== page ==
Sunday, September 19, 2004


I am not alone on the river path.

There was the turtle man -- tall, thin, with a gray ponytail -- who told me I must watch for the turtles. They're this big, he said, making a cirle with his arms in front of him.

There was the man on the moped, cheerful, older than me, a bit beat looking, who told me how once, drunk, he wiped out on his little bike and landed in the sluiceway.

There was the heavily accented man, middle aged, who explained that there were sweet berries that taste like yellow peaches near the soccer field. I found them. They looked like tiny, dusty plums. I didn't taste them.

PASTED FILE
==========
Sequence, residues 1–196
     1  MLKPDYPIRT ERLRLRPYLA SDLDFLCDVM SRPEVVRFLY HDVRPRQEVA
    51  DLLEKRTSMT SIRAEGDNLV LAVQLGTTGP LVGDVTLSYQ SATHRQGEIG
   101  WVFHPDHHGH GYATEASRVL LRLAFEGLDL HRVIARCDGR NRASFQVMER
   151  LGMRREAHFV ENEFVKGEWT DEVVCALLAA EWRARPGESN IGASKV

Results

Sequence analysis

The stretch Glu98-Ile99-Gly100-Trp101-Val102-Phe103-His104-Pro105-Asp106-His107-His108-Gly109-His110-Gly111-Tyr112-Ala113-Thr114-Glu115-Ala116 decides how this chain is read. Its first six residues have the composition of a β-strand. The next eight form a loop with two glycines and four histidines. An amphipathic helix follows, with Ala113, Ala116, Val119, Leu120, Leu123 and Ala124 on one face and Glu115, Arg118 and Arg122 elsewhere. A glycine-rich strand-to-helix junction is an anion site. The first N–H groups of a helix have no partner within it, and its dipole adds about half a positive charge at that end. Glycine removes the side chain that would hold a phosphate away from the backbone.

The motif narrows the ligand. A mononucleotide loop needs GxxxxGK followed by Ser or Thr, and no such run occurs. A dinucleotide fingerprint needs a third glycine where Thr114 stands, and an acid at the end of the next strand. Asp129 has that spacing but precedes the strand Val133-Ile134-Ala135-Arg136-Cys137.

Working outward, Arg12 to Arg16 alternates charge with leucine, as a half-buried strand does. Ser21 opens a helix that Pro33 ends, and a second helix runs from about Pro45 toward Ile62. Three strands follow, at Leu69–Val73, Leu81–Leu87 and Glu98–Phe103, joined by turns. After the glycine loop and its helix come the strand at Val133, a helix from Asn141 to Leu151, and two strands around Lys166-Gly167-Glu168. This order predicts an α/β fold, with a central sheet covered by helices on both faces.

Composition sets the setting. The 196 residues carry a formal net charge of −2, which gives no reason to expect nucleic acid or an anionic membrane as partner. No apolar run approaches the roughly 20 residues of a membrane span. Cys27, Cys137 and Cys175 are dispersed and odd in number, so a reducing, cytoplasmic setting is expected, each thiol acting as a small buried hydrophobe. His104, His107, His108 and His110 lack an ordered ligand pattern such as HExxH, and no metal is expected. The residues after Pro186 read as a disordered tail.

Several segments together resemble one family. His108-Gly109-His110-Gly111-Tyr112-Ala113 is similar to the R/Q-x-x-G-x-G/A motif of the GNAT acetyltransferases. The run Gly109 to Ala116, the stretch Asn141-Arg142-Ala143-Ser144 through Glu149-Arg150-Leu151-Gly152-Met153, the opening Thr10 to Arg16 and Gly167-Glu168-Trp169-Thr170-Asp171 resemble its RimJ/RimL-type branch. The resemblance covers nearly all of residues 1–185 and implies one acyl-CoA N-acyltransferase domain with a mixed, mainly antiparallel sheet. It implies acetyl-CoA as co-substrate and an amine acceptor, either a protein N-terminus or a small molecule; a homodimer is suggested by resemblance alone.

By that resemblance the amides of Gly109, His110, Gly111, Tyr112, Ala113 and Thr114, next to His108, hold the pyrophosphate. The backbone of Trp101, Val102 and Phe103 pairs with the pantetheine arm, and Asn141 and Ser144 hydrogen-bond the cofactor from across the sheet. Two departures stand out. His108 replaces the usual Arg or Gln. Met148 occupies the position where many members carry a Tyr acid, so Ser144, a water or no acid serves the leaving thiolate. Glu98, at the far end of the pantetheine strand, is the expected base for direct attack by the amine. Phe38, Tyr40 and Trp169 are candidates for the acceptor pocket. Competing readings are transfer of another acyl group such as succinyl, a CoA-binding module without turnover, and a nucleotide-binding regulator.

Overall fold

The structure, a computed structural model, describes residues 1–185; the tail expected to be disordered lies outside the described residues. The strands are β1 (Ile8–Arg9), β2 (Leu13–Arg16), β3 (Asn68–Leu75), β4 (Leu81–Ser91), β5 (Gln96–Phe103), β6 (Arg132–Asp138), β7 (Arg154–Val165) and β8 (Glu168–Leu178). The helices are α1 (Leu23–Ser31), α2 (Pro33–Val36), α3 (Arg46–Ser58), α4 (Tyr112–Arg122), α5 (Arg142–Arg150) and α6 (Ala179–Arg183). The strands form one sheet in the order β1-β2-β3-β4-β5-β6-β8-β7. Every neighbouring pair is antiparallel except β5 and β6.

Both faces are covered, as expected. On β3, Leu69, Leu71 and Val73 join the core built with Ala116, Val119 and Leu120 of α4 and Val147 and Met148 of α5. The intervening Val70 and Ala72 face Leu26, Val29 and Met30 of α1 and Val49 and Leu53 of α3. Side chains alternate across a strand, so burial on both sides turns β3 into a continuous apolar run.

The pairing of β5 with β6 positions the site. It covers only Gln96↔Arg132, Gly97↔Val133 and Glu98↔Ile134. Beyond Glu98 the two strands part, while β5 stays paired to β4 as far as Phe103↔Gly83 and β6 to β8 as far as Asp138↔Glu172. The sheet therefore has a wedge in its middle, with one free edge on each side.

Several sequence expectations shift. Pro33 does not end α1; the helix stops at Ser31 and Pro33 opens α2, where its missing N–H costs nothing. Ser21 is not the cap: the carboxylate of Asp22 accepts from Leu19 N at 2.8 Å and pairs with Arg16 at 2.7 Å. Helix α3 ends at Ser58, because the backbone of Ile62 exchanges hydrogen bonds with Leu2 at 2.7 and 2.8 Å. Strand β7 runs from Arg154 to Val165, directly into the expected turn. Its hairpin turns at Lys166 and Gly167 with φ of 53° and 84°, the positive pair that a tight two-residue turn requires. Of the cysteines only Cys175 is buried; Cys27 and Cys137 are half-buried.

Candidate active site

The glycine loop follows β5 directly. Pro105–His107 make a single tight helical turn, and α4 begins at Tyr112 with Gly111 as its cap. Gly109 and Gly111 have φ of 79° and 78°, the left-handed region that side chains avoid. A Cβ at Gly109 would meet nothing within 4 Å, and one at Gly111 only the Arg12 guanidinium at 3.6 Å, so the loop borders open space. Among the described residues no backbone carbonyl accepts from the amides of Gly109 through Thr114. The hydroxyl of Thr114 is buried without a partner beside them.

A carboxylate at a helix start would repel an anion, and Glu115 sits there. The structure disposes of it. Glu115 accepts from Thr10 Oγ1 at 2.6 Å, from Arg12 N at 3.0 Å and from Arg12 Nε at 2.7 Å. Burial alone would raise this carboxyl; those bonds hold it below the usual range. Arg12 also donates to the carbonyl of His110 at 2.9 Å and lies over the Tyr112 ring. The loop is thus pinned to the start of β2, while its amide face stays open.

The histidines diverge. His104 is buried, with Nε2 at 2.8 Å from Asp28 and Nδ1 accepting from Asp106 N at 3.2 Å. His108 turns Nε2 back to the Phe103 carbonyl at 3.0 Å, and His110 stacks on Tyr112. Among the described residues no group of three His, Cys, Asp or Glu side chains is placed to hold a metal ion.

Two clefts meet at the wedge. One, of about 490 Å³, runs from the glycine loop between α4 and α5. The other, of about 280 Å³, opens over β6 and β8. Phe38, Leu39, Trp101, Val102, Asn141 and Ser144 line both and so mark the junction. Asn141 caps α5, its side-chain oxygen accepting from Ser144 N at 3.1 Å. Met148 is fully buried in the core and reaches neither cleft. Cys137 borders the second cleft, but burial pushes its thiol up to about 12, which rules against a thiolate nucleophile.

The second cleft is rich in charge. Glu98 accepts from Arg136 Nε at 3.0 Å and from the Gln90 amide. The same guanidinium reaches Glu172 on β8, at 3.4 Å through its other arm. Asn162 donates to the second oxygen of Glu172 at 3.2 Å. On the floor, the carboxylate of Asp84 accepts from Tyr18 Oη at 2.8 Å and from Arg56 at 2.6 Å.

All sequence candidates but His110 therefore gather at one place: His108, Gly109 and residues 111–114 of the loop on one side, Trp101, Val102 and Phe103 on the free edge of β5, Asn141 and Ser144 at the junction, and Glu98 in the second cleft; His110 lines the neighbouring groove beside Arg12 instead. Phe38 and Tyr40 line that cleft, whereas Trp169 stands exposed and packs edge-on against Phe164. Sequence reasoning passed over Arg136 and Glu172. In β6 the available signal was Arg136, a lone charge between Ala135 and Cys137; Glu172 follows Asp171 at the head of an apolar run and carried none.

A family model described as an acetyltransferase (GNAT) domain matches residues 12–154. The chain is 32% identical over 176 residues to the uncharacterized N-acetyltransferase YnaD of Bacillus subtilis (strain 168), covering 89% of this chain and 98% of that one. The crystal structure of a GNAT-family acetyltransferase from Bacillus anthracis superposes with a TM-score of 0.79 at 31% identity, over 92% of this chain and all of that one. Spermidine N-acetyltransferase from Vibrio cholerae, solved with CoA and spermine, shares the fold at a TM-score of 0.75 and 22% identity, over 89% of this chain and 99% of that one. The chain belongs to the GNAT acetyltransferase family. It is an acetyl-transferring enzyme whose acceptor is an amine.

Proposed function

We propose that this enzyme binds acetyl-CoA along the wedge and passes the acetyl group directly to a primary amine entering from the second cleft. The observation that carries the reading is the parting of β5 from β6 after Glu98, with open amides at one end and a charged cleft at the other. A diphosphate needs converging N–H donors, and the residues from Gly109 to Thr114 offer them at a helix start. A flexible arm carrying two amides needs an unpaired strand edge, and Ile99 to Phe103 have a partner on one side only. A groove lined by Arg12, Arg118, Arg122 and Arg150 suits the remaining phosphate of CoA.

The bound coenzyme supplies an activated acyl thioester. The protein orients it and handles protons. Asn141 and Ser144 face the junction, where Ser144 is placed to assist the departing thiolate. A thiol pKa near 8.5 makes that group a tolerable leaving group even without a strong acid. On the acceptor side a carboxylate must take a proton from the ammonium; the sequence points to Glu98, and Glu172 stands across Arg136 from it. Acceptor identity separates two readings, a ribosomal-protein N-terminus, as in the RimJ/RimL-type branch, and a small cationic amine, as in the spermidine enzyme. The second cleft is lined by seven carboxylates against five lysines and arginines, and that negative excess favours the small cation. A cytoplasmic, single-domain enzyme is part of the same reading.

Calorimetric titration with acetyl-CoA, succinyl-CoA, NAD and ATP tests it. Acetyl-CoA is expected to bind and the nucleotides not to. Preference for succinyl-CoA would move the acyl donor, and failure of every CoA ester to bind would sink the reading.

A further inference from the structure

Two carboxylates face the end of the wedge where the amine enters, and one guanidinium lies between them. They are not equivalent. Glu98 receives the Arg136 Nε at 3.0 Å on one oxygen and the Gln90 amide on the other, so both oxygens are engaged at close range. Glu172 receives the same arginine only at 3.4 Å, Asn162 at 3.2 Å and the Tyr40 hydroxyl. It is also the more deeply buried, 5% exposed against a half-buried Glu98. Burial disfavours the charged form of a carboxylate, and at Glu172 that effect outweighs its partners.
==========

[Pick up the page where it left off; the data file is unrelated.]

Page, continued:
Then there was the retired cop who got off his bicycle to tell me about the incredulity of the Audubon Society woman whom he'd called to report seeing a yellow headed blackbird. I am a retired cop he said, pleading his case to me, and I've testified in many trials. I know what I see.

And then there was the man, quite elderly, who told his birding stories -- I once saw five cardinals by the Moody Street Bridge ! -- with such urgency that he reached over and touched me, lightly, repeatedly, on the shoulder. But that was a long time ago. The birds were better then.

What about the woman with the camera ?

She listens attentively, politely, but is always a bit impatient to get back to her weeds.

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